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Criminals are looking for different items to steal because globalisation has brought prices of some household goods down, new research suggests.
Criminology lecturer James Treadwell said that a DVD player costing £19.99 was "simply not worth stealing".
"Cheap labour in China has had an impact on the type of crime that's committed in the UK and the type of goods that are stolen today.
The national pollution census, which mapped more than 5.9 million sources of industrial, residential and agricultural waste throughout the country, showed that China discharged about 209 billion tons of wastewater and 63.7 trillion cu m of waste gases in 2007.
Environmental degradation is accelerating in China. In Jiangsu millions of people were left without drinking water for a month. In Guangzhou acid rain is falling, affecting the harvest. The State Environmental Protection Administration is complaining that local authorities protect industrial polluters whilst Beijing does nothing to stop them.
A report produced in conjunction and with the co-operation of the Chinese Government was suppressed because of concerns that it could spark “social unrest”. The report said that 750,000 people each year were dying from air pollution and with this many deaths, surely it must be pushing China more towards nuclear energy?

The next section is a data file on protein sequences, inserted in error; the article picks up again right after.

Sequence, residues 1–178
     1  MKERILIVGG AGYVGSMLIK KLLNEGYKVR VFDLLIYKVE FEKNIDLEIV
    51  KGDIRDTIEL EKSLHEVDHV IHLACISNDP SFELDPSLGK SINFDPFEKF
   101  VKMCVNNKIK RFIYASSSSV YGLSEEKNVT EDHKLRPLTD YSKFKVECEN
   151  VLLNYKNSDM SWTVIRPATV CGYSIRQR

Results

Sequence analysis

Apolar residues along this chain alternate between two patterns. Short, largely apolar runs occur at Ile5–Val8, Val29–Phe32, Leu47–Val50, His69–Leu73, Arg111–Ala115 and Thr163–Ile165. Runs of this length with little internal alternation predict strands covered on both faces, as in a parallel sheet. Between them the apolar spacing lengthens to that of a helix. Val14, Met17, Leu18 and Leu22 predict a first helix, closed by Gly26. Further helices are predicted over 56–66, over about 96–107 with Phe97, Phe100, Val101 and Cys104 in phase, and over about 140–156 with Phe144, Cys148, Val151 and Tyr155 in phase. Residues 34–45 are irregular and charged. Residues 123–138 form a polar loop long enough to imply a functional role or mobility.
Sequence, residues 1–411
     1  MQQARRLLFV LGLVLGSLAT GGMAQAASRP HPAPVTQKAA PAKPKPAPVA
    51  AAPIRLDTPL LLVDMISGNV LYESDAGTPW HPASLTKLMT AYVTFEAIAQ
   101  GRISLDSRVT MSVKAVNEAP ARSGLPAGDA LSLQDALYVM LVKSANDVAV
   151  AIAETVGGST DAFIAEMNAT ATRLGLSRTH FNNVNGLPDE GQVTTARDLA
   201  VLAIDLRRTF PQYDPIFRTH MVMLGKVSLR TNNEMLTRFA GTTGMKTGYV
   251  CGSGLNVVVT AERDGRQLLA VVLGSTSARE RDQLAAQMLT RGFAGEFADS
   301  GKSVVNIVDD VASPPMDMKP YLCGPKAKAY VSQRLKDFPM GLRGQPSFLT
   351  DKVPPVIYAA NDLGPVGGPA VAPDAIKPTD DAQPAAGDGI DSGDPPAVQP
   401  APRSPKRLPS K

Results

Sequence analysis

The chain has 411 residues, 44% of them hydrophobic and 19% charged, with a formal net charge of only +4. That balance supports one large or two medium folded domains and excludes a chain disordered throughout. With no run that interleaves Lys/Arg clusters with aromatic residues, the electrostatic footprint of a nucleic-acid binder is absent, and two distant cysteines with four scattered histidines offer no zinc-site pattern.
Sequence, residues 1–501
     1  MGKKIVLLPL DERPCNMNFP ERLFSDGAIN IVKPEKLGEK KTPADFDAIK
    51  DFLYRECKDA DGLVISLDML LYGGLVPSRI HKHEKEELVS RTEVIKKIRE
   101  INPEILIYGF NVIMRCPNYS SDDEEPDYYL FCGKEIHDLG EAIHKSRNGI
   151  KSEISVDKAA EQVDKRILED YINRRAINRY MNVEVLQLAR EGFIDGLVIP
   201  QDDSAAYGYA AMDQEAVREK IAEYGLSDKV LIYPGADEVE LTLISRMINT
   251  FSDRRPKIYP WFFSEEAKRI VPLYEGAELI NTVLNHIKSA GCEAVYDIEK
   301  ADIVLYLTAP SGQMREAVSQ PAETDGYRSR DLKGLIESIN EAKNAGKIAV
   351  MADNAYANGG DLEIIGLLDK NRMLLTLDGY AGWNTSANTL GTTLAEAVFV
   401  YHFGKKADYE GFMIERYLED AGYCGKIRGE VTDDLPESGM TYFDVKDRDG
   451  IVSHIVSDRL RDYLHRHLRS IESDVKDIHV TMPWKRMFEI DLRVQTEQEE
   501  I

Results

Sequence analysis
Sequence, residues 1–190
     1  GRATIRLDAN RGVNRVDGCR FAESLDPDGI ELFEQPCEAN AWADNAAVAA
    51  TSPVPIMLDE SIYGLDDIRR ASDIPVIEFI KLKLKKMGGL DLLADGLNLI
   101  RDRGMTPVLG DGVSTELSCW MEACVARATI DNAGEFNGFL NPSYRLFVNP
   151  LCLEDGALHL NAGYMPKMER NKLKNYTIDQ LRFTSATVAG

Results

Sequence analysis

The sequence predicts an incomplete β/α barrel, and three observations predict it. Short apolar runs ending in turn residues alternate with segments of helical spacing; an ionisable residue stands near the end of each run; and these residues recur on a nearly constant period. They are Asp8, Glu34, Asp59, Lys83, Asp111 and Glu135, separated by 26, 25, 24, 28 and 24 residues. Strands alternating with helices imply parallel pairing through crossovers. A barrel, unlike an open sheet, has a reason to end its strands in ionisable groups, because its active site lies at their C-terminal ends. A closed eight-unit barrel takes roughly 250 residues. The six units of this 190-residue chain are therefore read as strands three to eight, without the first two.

China has a serious Air pollution problem that is not getting better. China has one of the largest coal-consuming industry and is not improving with the amounts of pollution that is caused. Eco-systems and environments are being destroyed in China and turned into a toxic wasteland with no thriving wildlife.
When I moved to China from London I took a large pay cut and left the majority of my worldly possessions behind me. It was of course my own decision but a year later I’m not missing any of it. Surprise surprise, wealth and material possessions make little or no impact on your happiness. This got me thinking about the way most of us live our lives, and in particular after watching the “Story of Stuff” which tells provides some chilling truths about the underside of our production and consumption patterns.